Alexander Hamilton

  • Sculptor: William Ordway Partridge
  • Dedicated: 1892
  • Medium and size: Bronze (8 feet), granite pedestal (approximately 8 feet)
  • Location: Former site of Hamilton Grange, 287 Convent Avenue, between West 141st and 142nd Streets
  • Subway: 1 to 137th St. - City College

Hamilton near Grange

A Brief History of Hamilton, the Sculpture

This Hamilton was commissioned for the Hamilton Club in Brooklyn Heights, which an 1895 New York Times article darkly suggested was "a Republican game under a non-partisan cover."

Hamilton Remsen St.

Above: Hamilton at Remsen and Clinton Sts., Brooklyn

The statue stood in Brooklyn until 1936, when the Club's Italianate headquarters was razed. The statue was donated to Hamilton Grange, the "country house" that was almost completed when Hamilton dueled with Burr in the summer of 1804.

Lifesize sculptures in New York move more often than one might expect, but in this case, the sculpture held still while the building next to it moved. In 2008, the Grange was levered out of its site next to a church and trundled a block south to St. Nicholas Park, where it has undergone a glorious renovation. The sculpture of Hamilton, alas, was left on Convent Avenue, for lack of funds to move it.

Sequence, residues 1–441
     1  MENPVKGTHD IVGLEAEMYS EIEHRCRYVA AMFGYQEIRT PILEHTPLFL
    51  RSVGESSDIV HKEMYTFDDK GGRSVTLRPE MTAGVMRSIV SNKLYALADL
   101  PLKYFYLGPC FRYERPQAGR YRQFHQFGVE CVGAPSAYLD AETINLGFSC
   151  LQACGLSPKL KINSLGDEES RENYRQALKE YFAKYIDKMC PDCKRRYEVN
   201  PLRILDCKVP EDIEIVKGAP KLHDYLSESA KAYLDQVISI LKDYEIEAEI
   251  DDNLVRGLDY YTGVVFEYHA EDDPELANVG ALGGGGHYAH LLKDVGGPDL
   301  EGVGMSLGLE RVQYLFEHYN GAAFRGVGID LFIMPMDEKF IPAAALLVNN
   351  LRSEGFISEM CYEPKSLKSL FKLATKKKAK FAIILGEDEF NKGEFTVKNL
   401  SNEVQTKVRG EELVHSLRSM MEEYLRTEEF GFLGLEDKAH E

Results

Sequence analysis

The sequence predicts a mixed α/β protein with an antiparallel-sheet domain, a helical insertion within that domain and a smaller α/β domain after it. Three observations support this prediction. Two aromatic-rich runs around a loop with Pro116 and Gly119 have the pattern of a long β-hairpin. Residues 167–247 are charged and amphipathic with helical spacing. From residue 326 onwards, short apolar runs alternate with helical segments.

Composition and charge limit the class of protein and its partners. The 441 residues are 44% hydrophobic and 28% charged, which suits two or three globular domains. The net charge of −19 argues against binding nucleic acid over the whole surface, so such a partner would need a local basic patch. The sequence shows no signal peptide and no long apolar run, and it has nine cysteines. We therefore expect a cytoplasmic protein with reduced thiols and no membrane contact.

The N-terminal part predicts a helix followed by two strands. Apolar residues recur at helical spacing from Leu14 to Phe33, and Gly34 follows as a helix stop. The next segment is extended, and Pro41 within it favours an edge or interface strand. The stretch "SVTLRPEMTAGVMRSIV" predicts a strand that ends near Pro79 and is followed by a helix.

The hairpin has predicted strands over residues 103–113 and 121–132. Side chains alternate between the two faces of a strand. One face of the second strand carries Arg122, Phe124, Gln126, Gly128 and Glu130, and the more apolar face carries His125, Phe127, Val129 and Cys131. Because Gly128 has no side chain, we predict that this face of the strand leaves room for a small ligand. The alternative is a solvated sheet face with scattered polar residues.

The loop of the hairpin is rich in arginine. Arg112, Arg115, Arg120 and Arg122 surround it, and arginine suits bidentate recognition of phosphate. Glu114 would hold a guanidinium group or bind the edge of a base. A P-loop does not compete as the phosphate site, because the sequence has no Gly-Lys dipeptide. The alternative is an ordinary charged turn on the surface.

Cross References

  • The four sculptures of Hamilton standing outdoors in New York are this one, one in Central Park, one on the campus of Columbia University not far from Jefferson and Alma Mater, and a fourth on the facade of the Museum of the City of New York, near De Witt Clinton.
  • Hamilton worked closely with George Washington when he was commander in chief (see Washington Arch) and president (Washington at Wall St.). Jefferson, who was also in Washington’s first cabinet, had a bitter feud with Hamilton.
  • The New York Evening Post, which Hamilton founded, was guided for much of the 19th c. by William Cullen Bryant. Today the Post is the nation’s oldest continuously published newspaper. The New York Times, established 1851, comes in a distant second for longest-running newspaper in the city of New York.
  • For sculptures relating to the Revolutionary War, see Washington (at Wall St., Washington Square Park, and Union Square), Lafayette, Jefferson, Hamilton near the Grange, and Nathan Hale.
  • See Dianne L. Durante, Ale xander Hamilton: A Brief Biography, with extensive quotes and profuse illustrations.
  • Outdoor Monuments of Manhattan compares the pose of this Hamiltonwith the other sculptures of Hamilton in Manhattan and describes Hamilton's remarkable achievements as Washington's secretary of the Treasury.

Copyright (c) 2013 Dianne L. Durante